WASHINGTON – As the Centers for Medicare & Medicaid Services enters a new fiscal year, it’s beginning to take a fresh look at the future implementation of ICD-10 codes.
One step in that process came last month, when the CMS announced a one-year contract with the American Health Information Management Association to begin assessing the impact on CMS if ICD-9 code sets, currently used in U.S. healthcare transactions, are replaced with ICD-10 versions.
While full use of ICD-10 codes for claims is still a ways off, CMS’ announcement indicates that healthcare organizations should begin their own assessments of transition strategies.
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“The awarding of this contract reflects CMS’ commitment to ensuring that the transition from ICD-9 to the ICD-10 code sets will be thoughtfully planned and implmented throughout CMS and the healthcare community,” said Kerry Weems, CMS’ acting administrator.
“While we are still assessing the implementation and timing of the ICD-10, our proactive approach should send a signal to hospitals and other stakeholders who use the ICD-9 coding to begin making their own transition plans.”
The Weems statement surprised Dan Rode, AHIMA’s vice president of policy and government relations, because it implies that CMS wants to move the industry down the path toward adoption of ICD-10 in coding.
Many view ICD-10, with its 210,000 diagnosis and procedure codes, as a more robust and descriptive set than the ICD-9 codes, which have been in place for nearly three decades. ICD-10 codes were developed 15 years ago and are used in many industrialized countries.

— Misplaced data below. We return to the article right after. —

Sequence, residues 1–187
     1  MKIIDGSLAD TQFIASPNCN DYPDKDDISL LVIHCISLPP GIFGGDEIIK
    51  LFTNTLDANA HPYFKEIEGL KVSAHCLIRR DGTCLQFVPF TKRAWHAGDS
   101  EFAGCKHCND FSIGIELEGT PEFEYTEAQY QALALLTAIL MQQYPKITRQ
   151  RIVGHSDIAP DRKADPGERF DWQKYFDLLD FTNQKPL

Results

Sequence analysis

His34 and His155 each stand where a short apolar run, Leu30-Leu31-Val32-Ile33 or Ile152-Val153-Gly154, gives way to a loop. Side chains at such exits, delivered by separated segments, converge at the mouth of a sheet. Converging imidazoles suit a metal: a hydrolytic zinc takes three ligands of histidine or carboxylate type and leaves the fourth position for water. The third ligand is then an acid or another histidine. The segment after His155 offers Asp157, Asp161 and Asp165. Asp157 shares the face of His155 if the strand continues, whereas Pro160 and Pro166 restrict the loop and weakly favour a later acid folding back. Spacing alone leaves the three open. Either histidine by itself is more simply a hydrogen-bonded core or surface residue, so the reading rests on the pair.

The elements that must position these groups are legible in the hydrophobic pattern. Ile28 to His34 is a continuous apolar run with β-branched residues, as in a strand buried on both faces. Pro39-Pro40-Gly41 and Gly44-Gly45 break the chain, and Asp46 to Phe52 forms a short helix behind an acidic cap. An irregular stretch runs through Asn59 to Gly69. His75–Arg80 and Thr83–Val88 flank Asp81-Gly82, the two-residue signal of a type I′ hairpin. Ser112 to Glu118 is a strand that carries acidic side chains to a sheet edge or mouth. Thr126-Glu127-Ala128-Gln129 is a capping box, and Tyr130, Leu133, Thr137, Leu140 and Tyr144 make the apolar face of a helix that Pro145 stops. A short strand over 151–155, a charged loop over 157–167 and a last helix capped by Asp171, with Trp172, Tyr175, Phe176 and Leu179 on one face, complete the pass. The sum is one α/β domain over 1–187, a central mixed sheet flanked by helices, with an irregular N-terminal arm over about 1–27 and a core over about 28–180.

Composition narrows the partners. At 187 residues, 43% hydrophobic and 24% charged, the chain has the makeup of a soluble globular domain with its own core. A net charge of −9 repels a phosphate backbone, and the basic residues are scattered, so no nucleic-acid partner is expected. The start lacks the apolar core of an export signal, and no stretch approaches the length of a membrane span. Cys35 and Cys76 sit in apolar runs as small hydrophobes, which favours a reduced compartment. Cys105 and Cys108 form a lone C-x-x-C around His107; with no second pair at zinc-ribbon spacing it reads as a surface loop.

However, adoption of ICD-10 has been a matter of contention within the healthcare industry. AHIMA and several other provider organizations continue to seek implementation of ICD-10. In June, several industry organizations wrote Health and Human Services Secretary Michael Leavitt, asking for federal assistance in moving to ICD-10 code sets by October 2011. However, some insurers, notably the Blue Cross and Blue Shield Association, have opposed the new system, citing high costs for transition which make it insufficient for the investment.
A Congressional effort to bring about a change stalled last year when Congress failed to enact Health Information Technology Promotion Act of 2006. The legislation contained a provision mandating the use of the new code set by October 2010.
Under the year-long contract, AHIMA will analyze CMS’ systems, policies and operations to determine potential effects of the transition, said Susan Fenton, director of the professional organization’s Foundation of Research and Education. The contract includes four option years, she said.
The contract also follows a push by healthcare organizations to upgrade HIPAA transactions to the ASC X12 version 5010. Such a move is important to enable the U.S. healthcare community to upgrade to the ICD-10 classification standard, AHIMA indicated in testimony to the National Committee on Vital and Health Statistics in late July.